George F. Gehlert
COLUMBIA — George F. Gehlert was an inspiration.
"He taught me how to be a good citizen, a good person and how to be strong," his daughter Rebecca Adams said.
Mr. Gehlert of Columbia died Thursday, June 23, 2011 — 1½ days before Adams gave birth to her daughter, Sylvia Grace Gehlert Adams. Mr. Gehlert was 82.
He was born March 31, 1929, in Washington, Mo., to George P. Gehlert and Edith E. (Boston) Gehlert.
He married Virginia Sidmon on March 13, 2000.
Mr. Gehlert was also a friend to his children, Adams said. He was hands-on and enjoyed acting silly and playing with his kids.
He also adhered strongly to his values and was never afraid to speak up, she said. Adams said that when she was young and someone cursed in public, her father would approach that person and ask him or her not to use that language in front of his wife and daughter.
Mr. Gehlert's example inspired the way Adams' husband, Steve, wants to be as a parent.
"Our daughter is going to look at my husband as her hero," she said. "My father was my hero."
Adams said that the birth of her daughter was all Mr. Gehlert talked about during the pregnancy.
Mr. Gehlert was a member of the Army and served during World War II and the Korean conflict. He was a peacetime veteran.
He owned Gehlert's Shoes in Washington, where he was a member of the Optimist Club and served on the City Council, his daughter Heather Gehlert said.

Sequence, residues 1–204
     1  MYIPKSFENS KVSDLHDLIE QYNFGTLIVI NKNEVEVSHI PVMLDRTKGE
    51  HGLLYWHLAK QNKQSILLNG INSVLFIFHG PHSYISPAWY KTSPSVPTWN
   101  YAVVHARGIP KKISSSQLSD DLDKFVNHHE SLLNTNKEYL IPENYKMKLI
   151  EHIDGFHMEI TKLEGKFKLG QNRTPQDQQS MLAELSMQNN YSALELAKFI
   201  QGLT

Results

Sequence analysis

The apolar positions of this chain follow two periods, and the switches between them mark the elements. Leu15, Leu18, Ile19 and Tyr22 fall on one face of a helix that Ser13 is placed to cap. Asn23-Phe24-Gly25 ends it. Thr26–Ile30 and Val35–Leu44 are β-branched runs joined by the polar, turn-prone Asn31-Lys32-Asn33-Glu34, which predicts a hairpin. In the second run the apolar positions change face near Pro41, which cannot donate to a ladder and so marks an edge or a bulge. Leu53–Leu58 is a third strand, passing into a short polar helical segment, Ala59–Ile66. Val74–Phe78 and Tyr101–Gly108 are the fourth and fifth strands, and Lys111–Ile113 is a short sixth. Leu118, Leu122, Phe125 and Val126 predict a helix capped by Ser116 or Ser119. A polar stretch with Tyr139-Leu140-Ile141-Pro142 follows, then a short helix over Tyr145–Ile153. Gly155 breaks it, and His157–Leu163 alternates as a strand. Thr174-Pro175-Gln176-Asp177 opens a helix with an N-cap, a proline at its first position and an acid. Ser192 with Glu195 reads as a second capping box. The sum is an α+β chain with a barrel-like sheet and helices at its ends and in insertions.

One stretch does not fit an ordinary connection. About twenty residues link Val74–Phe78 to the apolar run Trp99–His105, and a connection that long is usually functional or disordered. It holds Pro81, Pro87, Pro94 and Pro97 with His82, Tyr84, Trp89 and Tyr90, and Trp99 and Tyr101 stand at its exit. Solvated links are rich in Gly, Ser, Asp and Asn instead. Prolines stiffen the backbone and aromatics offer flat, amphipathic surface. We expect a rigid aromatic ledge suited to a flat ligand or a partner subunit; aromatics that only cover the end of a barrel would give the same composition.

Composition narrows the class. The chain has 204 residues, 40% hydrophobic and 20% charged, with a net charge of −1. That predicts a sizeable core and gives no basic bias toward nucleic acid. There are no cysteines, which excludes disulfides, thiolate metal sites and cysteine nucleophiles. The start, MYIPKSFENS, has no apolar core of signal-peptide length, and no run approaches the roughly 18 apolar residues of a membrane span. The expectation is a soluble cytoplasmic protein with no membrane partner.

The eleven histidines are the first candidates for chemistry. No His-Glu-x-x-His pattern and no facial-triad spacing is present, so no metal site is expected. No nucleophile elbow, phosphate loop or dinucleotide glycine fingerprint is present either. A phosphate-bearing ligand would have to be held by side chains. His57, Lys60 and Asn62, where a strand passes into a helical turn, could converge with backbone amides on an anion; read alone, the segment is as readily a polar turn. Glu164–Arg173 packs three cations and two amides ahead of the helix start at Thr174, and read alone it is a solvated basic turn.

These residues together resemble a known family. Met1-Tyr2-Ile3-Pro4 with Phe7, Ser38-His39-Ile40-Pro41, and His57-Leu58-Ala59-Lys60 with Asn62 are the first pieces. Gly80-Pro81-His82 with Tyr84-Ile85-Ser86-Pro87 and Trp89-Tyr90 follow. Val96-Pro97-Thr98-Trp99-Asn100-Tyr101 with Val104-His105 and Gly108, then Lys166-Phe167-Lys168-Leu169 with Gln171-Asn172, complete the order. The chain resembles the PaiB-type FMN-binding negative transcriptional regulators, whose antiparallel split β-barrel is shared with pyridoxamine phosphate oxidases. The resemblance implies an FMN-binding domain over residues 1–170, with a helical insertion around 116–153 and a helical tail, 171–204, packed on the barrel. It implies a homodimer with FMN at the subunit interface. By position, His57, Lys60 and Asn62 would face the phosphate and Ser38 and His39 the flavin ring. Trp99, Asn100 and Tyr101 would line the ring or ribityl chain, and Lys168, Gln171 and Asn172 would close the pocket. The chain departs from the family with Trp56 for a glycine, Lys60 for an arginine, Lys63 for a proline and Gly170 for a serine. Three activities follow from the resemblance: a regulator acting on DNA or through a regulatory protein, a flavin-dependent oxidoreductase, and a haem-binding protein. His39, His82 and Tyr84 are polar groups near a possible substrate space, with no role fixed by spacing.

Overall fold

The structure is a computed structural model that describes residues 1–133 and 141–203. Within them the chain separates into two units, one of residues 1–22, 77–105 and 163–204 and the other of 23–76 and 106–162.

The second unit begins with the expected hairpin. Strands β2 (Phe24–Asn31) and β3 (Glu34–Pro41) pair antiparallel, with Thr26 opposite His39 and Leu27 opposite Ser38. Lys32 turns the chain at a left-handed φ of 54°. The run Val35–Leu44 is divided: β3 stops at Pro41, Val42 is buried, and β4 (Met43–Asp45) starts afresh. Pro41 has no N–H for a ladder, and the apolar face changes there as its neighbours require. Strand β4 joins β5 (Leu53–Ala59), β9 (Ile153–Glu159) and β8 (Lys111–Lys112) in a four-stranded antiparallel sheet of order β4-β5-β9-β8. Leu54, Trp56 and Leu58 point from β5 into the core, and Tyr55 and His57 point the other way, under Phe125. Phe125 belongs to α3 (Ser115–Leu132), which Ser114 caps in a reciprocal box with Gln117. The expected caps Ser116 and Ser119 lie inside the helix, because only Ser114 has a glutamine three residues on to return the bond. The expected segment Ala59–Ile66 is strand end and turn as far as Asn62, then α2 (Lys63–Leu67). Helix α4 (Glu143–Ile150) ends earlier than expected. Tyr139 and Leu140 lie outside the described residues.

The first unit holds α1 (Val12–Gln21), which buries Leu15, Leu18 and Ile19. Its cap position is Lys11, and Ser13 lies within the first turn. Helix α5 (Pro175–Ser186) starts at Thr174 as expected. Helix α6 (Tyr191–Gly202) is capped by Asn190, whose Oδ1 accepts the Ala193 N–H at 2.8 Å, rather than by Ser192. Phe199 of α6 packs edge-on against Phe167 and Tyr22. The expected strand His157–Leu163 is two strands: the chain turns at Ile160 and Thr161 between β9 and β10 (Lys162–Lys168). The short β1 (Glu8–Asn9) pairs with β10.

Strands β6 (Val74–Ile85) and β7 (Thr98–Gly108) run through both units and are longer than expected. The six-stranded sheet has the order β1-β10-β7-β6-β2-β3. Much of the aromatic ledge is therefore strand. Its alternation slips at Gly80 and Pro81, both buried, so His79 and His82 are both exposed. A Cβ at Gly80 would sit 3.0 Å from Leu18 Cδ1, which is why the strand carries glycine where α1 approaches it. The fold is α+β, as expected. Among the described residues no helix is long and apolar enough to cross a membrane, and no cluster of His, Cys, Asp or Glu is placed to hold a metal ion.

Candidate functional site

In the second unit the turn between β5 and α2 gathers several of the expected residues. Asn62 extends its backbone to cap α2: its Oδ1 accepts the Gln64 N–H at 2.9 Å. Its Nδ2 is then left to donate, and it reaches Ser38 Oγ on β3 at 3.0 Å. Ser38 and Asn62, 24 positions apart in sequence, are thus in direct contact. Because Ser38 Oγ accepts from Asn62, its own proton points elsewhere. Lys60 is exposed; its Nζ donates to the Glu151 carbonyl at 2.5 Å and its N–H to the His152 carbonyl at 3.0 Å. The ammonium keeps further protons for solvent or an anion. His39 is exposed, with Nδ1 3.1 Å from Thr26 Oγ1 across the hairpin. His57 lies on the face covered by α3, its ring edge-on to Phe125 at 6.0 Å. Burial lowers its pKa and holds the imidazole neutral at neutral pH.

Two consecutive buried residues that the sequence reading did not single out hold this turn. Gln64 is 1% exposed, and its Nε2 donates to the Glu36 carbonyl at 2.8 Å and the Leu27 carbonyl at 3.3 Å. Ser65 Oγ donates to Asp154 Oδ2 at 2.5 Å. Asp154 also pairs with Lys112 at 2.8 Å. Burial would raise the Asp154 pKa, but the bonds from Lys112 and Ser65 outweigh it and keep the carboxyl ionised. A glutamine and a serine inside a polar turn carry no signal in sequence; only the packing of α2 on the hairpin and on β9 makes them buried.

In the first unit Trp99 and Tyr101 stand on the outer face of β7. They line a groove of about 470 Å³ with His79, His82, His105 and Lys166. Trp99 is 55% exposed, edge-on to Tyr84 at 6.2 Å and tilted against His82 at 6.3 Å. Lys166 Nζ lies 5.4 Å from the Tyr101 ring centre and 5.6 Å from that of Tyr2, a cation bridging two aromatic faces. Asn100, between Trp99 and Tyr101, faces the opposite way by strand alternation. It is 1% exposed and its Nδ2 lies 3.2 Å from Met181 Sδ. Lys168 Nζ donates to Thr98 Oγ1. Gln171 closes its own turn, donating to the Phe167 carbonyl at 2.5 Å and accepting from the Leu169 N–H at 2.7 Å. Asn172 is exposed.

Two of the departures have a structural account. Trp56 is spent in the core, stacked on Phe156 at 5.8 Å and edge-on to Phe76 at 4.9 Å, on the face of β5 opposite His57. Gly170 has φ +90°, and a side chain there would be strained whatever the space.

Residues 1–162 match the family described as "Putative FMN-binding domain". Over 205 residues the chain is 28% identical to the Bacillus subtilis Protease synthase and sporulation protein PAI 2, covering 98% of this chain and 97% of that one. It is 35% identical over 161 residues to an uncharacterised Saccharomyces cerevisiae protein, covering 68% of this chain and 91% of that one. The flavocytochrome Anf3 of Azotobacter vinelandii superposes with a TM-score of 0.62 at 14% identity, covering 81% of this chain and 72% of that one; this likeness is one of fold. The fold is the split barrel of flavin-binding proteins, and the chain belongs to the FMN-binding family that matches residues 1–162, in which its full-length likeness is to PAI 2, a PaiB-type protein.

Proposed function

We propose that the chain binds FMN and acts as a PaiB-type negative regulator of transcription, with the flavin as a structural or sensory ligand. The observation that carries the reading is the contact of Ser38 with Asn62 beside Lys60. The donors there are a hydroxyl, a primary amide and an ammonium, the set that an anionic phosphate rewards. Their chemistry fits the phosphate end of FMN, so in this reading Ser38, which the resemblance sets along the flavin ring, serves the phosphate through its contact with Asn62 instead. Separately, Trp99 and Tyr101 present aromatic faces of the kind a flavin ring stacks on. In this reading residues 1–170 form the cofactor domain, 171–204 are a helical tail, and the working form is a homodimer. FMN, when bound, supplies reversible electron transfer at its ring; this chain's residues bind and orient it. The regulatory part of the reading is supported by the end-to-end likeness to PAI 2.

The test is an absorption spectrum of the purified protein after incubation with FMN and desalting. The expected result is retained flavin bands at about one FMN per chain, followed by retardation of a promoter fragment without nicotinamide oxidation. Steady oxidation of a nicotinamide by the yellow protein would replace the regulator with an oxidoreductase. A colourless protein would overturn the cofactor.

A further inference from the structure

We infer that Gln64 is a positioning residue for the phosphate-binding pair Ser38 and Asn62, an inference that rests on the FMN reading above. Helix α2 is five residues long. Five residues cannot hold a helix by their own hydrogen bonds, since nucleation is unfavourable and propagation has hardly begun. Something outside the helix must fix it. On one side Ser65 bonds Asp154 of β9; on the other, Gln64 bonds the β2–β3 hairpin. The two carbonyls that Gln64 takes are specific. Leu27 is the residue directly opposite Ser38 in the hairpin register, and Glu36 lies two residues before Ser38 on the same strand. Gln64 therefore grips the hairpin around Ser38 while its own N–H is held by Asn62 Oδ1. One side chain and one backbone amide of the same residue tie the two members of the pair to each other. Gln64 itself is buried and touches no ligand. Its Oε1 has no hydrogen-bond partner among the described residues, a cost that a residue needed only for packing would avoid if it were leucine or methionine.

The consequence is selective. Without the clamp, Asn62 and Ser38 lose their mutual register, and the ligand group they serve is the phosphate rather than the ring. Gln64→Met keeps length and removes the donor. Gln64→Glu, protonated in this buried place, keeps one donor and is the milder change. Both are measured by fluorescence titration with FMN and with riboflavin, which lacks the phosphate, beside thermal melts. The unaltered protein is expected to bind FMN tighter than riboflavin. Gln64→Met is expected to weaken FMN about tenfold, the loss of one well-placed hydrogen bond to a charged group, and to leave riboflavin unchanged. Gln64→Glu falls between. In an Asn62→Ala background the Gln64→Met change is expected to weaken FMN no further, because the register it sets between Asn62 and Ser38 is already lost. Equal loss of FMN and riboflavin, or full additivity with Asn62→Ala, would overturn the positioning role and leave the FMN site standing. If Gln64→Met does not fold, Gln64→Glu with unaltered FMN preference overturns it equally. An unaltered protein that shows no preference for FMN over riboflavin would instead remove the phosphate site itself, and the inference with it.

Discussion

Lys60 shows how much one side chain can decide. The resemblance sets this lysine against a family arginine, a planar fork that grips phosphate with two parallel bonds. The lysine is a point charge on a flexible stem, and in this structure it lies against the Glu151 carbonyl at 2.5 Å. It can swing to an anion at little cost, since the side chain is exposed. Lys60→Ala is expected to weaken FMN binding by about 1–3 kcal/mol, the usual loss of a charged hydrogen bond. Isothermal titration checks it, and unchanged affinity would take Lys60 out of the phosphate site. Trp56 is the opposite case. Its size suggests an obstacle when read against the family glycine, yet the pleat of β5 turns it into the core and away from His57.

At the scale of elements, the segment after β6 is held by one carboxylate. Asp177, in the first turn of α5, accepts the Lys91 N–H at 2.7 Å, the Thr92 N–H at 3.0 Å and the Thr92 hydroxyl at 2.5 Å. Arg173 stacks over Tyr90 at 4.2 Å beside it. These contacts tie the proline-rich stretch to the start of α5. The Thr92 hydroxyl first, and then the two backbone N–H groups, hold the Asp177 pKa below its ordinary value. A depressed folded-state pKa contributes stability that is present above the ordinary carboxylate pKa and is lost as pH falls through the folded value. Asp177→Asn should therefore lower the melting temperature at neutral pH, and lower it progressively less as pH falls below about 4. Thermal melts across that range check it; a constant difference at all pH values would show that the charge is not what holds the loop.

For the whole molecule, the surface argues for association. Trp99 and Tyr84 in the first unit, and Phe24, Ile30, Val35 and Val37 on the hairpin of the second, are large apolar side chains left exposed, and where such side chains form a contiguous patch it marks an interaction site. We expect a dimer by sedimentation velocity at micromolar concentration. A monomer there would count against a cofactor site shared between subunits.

On the City Council, Mr. Gehlert played an important role in bringing a sewage treatment plant to Washington, Heather Gehlert said. He was a visionary behind the idea, helped move it forward and served on the City Council when the plant was implemented.
He also worked as a real estate agent, salesman and teacher, Heather Gehlert said.
"He was a jack-of-all-trades," she said.
Mr. Gehlert also built and designed Heather Gehlert's childhood home and was a caregiver to individuals with developmental disabilities for many years.
"He was a very civic-minded person," Heather Gehlert said. "He cared about his community, he cared about his country, and he cared about his family."
Mr. Gehlert loved to talk and often regaled his family with stories, many of which revolved around helping others, she said.
One story he told was from when he was in basic training in the Army, Heather Gehlert said. Some of his colleagues were out of shape and had trouble carrying their 50-pound packs. Mr. Gehlert would carry the packs for his fellow soldiers.
"Literally and figuratively, he took packs off of others' backs," she said. "He was compassionate to people who loved him and people who didn't love him."
In his free time, Mr. Gehlert enjoyed watching funny movies, traveling and reading, his daughters said.
His house was filled with books, Adams said.
He would sit and read instead of watching television, she said. His children naturally picked up reading because of his passion for it.
"I couldn't have asked for a better, more loving father," Heather Gehlert said. "We are very proud of him."
Mr. Gehlert is survived by his wife, Virginia Gehlert; four daughters, Beth Flor, Vicki Hanson, Rebecca Adams and Heather Gehlert; one son, Stephen Gehlert; seven grandchildren; and five great-grandchildren.
His brother, Jack Gehlert, died earlier.
Visitation will be held from 10 to 11 a.m. Saturday at Memorial Funeral Home, 1217 Business Loop 70 W. Services will follow at the funeral home. Burial will be held at 3 p.m. at Boeuff Presbyterian Church Cemetery in Gerald.
Memorials can be sent to Disabled American Veterans at dav.org or P.O. Box 14301, Cincinnati, OH 45250.
Condolences can be posted at memorialfuneralhomeandcemetery.com.